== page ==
I would like to clarify the item regarding the shooting down of the Iranian airliner in 1988. While it was a terrible and regrettable incident, this one item cannot be taken in a vacuum. There is history to consider. Six months before, the USS Vincennes was attacked by Iranian gunboats. One year before the shooting of the airliner, the USS Stark was attacked by a Iranian Mirage fighter, killing 37 American sailors. Intelligence sources indicated that there would be another attack close to the American's 4th of July, so when an unidentified jet crossed the radar screens, tensions were high. The plane was mis-identified as an Iranian F-14, and regretably shot down. Conspiracy theorists within Iran question why that jet was where it was. Some think that it was a sacrificial decoy to cause the Americans to lose face, and be forced out of the Gulf region.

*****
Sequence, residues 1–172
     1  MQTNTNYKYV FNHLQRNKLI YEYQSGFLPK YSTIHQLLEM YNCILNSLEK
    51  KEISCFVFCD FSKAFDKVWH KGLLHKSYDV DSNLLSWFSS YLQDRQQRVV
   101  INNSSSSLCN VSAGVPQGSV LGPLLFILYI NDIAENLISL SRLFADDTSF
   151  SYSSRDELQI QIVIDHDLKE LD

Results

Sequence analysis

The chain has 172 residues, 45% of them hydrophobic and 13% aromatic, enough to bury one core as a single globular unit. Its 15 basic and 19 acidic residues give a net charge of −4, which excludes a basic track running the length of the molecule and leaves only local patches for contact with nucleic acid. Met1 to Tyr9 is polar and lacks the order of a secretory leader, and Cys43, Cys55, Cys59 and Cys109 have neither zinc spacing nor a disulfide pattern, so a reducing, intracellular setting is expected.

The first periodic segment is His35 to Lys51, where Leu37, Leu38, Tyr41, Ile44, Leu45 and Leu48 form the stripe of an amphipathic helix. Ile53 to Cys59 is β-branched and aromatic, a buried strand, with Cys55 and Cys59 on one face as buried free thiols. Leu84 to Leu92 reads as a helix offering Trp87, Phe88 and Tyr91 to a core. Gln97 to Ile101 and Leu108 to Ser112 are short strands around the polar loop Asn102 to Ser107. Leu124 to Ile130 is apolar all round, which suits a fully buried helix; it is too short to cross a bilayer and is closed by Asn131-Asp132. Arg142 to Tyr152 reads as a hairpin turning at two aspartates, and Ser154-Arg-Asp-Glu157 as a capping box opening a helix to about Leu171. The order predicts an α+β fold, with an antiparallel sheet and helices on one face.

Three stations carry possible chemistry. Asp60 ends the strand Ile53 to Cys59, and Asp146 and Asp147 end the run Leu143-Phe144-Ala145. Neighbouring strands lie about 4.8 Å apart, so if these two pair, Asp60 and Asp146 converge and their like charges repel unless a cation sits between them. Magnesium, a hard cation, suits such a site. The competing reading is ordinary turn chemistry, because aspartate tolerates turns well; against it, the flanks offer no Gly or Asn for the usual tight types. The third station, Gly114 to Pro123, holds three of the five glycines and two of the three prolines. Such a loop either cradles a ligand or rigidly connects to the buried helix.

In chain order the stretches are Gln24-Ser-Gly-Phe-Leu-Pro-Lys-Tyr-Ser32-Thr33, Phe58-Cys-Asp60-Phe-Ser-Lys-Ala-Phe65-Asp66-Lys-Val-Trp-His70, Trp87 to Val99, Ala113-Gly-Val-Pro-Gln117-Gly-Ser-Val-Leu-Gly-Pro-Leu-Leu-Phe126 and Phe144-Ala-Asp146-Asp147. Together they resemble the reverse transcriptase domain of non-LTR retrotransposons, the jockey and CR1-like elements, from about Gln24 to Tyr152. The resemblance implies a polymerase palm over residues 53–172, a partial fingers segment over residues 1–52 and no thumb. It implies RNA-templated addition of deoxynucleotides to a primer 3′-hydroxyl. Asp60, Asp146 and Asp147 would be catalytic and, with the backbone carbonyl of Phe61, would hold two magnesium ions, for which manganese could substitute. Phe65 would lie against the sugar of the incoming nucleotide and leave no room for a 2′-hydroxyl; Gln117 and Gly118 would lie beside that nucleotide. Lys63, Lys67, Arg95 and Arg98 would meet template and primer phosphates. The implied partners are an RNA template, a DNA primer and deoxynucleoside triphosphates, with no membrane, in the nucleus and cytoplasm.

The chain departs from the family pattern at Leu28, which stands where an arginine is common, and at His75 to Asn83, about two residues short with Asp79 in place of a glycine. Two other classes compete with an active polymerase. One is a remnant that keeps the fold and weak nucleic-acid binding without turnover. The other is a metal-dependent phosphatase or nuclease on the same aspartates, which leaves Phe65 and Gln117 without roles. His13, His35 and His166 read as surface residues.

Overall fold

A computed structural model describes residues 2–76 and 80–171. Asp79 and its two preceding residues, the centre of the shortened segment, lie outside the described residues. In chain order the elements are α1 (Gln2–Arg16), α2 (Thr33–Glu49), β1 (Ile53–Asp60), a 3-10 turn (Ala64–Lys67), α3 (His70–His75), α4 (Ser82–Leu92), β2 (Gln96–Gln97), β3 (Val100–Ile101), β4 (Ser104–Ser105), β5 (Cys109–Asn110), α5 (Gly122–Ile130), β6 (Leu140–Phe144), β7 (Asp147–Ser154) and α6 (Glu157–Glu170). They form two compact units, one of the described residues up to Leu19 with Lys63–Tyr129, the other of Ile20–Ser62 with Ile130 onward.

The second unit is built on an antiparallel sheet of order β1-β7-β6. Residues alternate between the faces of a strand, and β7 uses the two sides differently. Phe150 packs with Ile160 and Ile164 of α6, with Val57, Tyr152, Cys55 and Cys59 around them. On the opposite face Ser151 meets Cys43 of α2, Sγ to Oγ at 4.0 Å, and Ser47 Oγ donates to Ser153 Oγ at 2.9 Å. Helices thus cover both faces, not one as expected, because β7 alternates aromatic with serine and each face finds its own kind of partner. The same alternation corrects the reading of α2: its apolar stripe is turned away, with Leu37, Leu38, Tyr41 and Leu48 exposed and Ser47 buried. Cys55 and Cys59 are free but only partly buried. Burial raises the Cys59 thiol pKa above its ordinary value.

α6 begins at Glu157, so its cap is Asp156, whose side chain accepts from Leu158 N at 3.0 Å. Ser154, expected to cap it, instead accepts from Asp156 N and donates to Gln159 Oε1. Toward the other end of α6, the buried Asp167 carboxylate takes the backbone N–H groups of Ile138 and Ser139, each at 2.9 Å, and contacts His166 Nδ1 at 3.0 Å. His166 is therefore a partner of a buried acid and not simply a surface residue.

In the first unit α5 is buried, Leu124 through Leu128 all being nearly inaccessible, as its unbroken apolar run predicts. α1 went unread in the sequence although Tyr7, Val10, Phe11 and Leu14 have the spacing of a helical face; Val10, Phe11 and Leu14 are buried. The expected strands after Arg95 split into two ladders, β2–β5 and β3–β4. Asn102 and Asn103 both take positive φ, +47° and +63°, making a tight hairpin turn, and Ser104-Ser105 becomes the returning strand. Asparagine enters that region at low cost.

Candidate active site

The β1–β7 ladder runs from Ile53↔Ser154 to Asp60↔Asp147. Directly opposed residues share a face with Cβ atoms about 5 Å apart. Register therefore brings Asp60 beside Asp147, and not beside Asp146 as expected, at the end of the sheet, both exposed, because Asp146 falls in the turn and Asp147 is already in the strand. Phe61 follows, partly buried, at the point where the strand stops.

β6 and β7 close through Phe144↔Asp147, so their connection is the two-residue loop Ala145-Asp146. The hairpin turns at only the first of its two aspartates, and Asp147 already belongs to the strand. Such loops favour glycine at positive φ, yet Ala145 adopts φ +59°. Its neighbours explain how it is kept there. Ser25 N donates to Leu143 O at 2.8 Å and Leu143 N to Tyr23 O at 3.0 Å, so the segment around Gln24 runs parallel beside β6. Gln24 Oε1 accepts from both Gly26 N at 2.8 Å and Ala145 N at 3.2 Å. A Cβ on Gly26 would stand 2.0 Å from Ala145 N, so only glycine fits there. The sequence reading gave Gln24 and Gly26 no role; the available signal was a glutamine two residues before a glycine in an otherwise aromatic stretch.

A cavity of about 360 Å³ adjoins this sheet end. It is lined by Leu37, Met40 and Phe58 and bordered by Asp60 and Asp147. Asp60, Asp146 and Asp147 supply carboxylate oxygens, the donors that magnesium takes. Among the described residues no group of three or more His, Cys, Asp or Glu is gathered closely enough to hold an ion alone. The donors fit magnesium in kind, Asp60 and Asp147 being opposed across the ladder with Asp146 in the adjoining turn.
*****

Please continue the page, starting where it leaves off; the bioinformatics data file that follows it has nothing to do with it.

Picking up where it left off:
Again, so I am not misunderstood, the incident was terrible, and I agree with the author that promoting the person in charge was in very poor taste. However, there should be context.

Now, Bush's call for the Palestinians to elect a new leader, and his one-sided war tantrums towards Iraq, those baffle me. If he had called for both Arafat and Sharon to be tossed aside for new leadership, that would have been something else. Sometimes I think his advisors play a game among themselves to see who can make him say the most outrageous poorly thought out thing in public.

Walk in Peace